What are Common Complications of Cystic Fibrosis?

Reviewed by: HU Medical Review Board | Last reviewed: September 2019

Cystic fibrosis (CF) can cause a wide range of complications that vary depending on the genetic profile of that person’s particular CF mutation, age, and gender.

Almost everyone with CF experiences significant respiratory and gastrointestinal complications eventually, but the age when these begin, and the severity, can be quite different from person to person.

What are some of the causes of complications in cystic fibrosis?

Respiratory and gastrointestinal complications are often caused directly by the thick, sticky mucus generated because the body can’t process the cystic fibrosis transmembrane conductance regulator (CFTR) protein properly. The CFTR protein helps our cells move the chloride ion, an element in salt, to a cell’s surface. Without chloride, water isn’t attracted to the cell surface, which causes thick, sticky mucus to clog airways and ducts throughout the body.

However, some complications are the downstream result of the disease or treatment. And, people with CF who have had organ transplants are more likely to experience complications.

Severity of complications

If the body can’t move the mucus out of the airways, then it also can’t move out the bacteria and viruses that cause cold, flu and pneumonia. This same mucus in the pancreas, intestines, and liver prevents the body from absorbing nutrients properly, causing malnutrition, slow growth in children, and underweight in adults.

Complications can be mild at times, and severe at others (called an exacerbation). Some people with CF experience few complications until well into adulthood, while some children with CF can be very sick from birth.

Sticking to the daily respiratory treatments recommended by your medical team helps maintain lung function in all ages of people with CF and lung growth in children. Healthier lungs mean some complications of CF may be delayed or even avoided.

Most common cystic fibrosis complications by age

Complications from CF can differ greatly by age and the type of CF mutation. For example, meconium ileus, or a failure to pass the first stool, is a condition only seen in newborns. Anxiety and depression were seen in less than 10% of children in 2017 but nearly 50% of adults with CF.1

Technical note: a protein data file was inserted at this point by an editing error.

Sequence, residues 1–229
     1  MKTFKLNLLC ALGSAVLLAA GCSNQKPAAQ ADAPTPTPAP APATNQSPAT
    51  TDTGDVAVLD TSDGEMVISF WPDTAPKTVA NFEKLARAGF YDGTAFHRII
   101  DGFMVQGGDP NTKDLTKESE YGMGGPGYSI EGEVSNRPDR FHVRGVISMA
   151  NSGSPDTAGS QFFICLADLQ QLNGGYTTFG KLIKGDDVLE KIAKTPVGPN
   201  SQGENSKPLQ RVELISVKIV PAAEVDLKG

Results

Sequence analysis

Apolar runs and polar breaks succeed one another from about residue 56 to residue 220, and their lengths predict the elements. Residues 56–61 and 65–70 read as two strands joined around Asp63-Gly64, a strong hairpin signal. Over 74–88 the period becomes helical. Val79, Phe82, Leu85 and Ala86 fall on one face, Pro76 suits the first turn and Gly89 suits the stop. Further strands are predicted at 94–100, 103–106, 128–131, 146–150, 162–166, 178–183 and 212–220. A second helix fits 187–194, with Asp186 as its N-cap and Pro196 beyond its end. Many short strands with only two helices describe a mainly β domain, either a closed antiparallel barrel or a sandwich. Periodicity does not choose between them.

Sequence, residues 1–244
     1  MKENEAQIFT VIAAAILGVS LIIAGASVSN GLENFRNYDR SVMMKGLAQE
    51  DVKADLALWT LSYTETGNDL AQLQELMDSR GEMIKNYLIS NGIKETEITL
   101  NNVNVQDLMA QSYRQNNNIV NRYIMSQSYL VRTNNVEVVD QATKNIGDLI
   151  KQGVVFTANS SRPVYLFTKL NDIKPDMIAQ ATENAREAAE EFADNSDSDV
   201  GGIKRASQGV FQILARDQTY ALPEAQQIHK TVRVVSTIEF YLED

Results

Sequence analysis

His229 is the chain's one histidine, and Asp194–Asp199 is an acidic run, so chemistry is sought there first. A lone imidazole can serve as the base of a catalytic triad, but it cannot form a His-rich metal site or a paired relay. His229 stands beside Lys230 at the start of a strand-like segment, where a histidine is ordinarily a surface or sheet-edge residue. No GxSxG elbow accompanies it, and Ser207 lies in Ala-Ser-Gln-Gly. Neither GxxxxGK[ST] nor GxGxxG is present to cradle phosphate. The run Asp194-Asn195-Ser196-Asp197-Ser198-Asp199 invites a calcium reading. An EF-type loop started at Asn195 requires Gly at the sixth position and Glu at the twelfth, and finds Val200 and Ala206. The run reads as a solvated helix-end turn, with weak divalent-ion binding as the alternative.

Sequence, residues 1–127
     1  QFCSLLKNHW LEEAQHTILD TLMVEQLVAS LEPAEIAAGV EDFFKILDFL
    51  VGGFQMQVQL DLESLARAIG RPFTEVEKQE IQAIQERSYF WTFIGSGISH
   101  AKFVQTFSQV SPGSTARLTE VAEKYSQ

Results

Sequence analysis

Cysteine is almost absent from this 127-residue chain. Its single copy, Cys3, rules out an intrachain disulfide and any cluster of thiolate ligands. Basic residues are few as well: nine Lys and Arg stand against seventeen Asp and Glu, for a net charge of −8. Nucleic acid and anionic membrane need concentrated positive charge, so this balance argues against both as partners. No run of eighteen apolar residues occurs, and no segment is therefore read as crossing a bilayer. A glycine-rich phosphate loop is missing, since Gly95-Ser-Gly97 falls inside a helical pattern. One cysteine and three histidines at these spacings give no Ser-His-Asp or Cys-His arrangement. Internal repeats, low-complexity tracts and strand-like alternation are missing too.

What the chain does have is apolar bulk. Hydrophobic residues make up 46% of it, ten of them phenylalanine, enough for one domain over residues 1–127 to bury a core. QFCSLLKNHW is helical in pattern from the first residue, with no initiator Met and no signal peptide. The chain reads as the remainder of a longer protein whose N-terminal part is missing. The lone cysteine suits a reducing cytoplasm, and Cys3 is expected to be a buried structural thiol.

Many complications do not begin to occur until the person with CF ages into adulthood.

Virtually all people with CF experience persistent lung infections, though this can vary widely from case to case. Some people with rare CFTR mutations may not develop serious lung infections well into adulthood.

Other common complications (in roughly the order of most frequently experienced) include:

Here is how often some common complications were found in people with CF in 2017, according to the CF Foundation’s Patient Registry Annual Data Report.

Common complications of CF

Symptoms DescriptionPercent under 18Percent over 18
ArthritisJoint pain affects large joints, such as the knees, ankles, wrists, elbows and shoulders..5%6.2%
Bone diseaseOsteoporosis and osteopenia1.9%26%
CF-related diabetesOccurs most often in adults with CF. Partially as a result of long-term inflammation of the pancreas.5.3%31%
GastrointestinalDistal intestinal obstructive syndrome (DIOS)2.0%2.6%
Gastrointestinal Gastroesophageal reflex disease (GERD)36.1%39.6%
Gastrointestinal History of intestinal or colon surgery, usually to repair perforation from stool blockage.3.6%1.5%
Hearing loss Hearing difficulties and deafness can result from long-term use and high doses of certain antibiotics and long-term sinus infections.1.3%3.1%
Hypertension High blood pressure0.4%5.7%
Liver disease Both cirrhosis and non-cirrhosis5.8%7.5%
Mental health Depression and anxiety7.7%47.4%
Respiratory Allergic bronchopulmonary aspergillosis (ABPA)2.6%7.5%
Respiratory Asthma30.5%33.4%
Respiratory Hemoptysis or coughing up blood0.8%5.9%
Respiratory Sinus disease22.7%53.8%

Complications by mutation class

Thanks to DNA testing, doctors can now group cystic fibrosis into five distinct classes with genetic variables. Many complications do not change much between classes, but some do.

For instance, CF-related diabetes, liver disease, and distal intestinal obstructive syndrome (DIOS) are more common among those in Class I, II or III. These people also tend to have more severe CF. By comparison, pancreatitis is seen more often in people in class IV and V. Sinus disease, anxiety and depression do not seem to change greatly between classes.1

In 2017, the Cystic Fibrosis Foundation analyzed the medical data of 23,106 people with CF in their Patient Registry Annual Data Report and found that:

  • 85.3% were part of Classes I, II and III
  • 14.7% were part of Classes IV and V1

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